Jewish Communities Around the World Come Together to Support Hurricane Relief After Harvey


Ayelet Schuster

As Hurricane Harvey flooded Houston between Aug. 25 – Sept. 1 with up to 50 inches of rain and 130 mile per hour winds, synagogues and Jewish communities were destroyed. Jewish communities all over the world have come together to support victims of the hurricane.

Throughout Houston, buildings were flooded, trees were uprooted, and homes were destroyed, leaving families throughout the community in distress. In order to help families left homeless after the storm, Camp Young Judaea – Texas and URJ Greene Family Camp have opened their facilities to house members of the Jewish community. Loui Dobin, executive director of URJ Greene Family Camp, realized that the camp facilities were not being filled up with families because families were not able to leave Houston. He felt that he should help the community in some other way directly in Houston.

In an effort to help families begin to rebuild their lives, the Hurricane Harvey Houston Day Camp was founded. Congregation Emanu El in Houston is running the camp for children of all ages for eight hours a day so that their parents can get back on their feet.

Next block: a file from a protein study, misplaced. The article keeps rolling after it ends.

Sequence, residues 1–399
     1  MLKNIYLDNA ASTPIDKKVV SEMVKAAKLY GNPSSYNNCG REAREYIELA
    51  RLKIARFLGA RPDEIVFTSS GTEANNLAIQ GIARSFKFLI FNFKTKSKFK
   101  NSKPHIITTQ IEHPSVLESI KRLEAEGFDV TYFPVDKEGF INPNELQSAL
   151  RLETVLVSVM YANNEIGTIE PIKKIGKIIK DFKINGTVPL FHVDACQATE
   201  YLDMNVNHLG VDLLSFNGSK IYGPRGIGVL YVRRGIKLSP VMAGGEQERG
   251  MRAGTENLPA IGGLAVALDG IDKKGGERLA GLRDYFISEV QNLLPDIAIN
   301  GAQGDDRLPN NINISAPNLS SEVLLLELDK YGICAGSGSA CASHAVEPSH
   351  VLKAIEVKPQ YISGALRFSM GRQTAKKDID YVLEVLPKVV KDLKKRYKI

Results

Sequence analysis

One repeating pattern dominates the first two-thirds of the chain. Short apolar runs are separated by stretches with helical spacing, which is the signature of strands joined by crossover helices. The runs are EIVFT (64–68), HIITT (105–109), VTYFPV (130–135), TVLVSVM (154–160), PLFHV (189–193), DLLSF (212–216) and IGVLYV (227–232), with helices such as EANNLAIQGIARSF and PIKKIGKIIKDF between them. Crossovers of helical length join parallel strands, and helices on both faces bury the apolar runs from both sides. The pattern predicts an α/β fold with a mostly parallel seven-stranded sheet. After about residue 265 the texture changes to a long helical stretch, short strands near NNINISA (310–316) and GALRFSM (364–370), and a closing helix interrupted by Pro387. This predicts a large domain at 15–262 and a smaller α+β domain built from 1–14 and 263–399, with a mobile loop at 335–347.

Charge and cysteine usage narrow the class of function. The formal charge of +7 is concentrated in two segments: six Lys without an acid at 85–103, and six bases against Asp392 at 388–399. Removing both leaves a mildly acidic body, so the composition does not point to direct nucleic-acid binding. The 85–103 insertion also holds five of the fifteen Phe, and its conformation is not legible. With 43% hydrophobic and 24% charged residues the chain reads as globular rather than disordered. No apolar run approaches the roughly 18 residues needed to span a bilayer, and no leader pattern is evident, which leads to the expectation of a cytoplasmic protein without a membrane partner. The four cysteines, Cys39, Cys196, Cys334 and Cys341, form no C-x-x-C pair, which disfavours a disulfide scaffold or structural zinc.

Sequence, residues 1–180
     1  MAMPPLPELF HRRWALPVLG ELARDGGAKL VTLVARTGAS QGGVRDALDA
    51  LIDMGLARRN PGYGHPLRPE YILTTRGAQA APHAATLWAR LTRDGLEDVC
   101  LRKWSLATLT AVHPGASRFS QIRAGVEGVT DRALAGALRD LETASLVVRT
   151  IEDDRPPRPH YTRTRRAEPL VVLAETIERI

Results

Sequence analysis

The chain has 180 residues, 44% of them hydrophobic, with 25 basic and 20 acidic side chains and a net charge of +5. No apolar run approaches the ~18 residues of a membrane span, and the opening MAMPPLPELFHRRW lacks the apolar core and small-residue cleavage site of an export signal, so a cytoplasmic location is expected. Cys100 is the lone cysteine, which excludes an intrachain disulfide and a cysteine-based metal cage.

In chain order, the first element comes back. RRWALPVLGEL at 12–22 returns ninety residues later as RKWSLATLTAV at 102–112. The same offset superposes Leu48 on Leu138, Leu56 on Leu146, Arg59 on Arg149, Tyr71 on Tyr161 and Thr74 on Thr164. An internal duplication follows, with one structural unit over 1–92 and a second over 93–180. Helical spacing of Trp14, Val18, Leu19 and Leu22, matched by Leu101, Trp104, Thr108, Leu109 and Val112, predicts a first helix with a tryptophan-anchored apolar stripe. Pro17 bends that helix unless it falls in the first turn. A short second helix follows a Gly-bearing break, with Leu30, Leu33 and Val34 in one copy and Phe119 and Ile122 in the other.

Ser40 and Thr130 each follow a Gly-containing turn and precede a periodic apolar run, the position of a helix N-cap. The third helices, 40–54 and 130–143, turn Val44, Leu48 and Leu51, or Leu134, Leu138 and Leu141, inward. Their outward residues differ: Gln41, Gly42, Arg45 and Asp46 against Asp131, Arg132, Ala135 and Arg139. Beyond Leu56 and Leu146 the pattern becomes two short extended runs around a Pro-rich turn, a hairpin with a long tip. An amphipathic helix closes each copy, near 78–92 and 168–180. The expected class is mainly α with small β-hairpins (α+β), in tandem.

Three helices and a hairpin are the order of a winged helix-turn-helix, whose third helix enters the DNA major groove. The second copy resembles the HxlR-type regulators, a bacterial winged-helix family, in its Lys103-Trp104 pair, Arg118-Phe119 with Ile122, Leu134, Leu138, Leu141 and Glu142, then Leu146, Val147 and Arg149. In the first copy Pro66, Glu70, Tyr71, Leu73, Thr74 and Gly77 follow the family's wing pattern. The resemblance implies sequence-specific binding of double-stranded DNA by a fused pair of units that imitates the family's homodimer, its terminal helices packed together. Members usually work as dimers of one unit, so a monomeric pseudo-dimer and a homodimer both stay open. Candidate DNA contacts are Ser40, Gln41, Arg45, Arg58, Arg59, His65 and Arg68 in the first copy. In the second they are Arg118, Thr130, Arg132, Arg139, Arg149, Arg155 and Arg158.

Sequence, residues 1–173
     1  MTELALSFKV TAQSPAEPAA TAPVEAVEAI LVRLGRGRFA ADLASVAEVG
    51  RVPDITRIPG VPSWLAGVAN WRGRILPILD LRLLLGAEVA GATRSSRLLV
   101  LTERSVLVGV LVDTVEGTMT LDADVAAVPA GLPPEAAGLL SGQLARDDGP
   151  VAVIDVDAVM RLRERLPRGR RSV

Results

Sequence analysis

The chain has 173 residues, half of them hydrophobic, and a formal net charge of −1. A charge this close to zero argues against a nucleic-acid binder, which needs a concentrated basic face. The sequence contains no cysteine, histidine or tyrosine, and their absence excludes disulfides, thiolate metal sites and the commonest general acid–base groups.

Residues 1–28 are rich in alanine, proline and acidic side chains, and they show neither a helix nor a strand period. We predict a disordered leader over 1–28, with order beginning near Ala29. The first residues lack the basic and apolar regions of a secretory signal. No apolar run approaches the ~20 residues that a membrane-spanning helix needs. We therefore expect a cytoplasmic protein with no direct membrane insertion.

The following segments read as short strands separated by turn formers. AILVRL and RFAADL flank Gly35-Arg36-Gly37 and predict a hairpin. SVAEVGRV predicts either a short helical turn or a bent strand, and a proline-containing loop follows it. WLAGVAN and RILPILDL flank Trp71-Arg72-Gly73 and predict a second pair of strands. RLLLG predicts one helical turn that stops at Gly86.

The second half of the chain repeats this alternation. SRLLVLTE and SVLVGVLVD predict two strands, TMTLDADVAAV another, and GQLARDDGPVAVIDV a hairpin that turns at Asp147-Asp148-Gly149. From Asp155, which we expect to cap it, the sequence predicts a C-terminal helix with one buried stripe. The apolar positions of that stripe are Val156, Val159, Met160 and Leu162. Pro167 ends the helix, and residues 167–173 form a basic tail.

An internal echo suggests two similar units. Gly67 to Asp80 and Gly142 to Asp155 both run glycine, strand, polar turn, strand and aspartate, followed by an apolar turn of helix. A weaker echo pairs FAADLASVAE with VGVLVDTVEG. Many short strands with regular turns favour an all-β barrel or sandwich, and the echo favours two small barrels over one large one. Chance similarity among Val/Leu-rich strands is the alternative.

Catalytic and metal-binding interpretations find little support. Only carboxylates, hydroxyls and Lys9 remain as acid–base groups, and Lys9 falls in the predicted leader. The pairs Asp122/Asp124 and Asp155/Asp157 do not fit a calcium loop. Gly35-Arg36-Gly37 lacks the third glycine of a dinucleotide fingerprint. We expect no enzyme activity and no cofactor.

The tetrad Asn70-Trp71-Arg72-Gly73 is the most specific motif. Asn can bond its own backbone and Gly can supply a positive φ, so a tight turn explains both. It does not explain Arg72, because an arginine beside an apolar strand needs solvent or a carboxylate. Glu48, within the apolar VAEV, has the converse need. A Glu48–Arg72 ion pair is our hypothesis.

“By the time families could leave Houston…you just couldn’t get out of the city” said Dobin. “Instead of saying ‘oh well, nobody’s coming,’ we said: ‘what can we do that would be really useful?’… We realized what people really needed… was someone to watch their kids so that they could take care of business… and know that for 8 hours every day their kids were taken care of. So we decided that that’s what we were gonna do.”

Creating the camp was a community effort. Greene Family Camp, Congregation Emanu El, and the Jewish Community Center of Houston worked together to organize and run the camp. Each camper is provided with 3 meals a day, and parents are each provided with breakfast and dinner. The camp keeps the kids occupied in order for parents to be able to work with insurance companies, find places to live, and recover from the storm.

“This is what it looks like when a community comes together, it feels really good” said Rabbi Oren Hayon, Senior Rabbi of Congregation Emanu El. “Recovery is going to take a lot longer, we’re not done… it feels really good to know this community… comes together when we need to help each other.”

Families sit and eat together at the day camp in Houston. Photo courtesy of Emanu El Facebook

Running the day camp has been a community effort. People from all different denominations of Judaism have volunteered to help run the camp. “This is a Jewish community at large project” said Dobin. “We have people from every single synagogue in town.”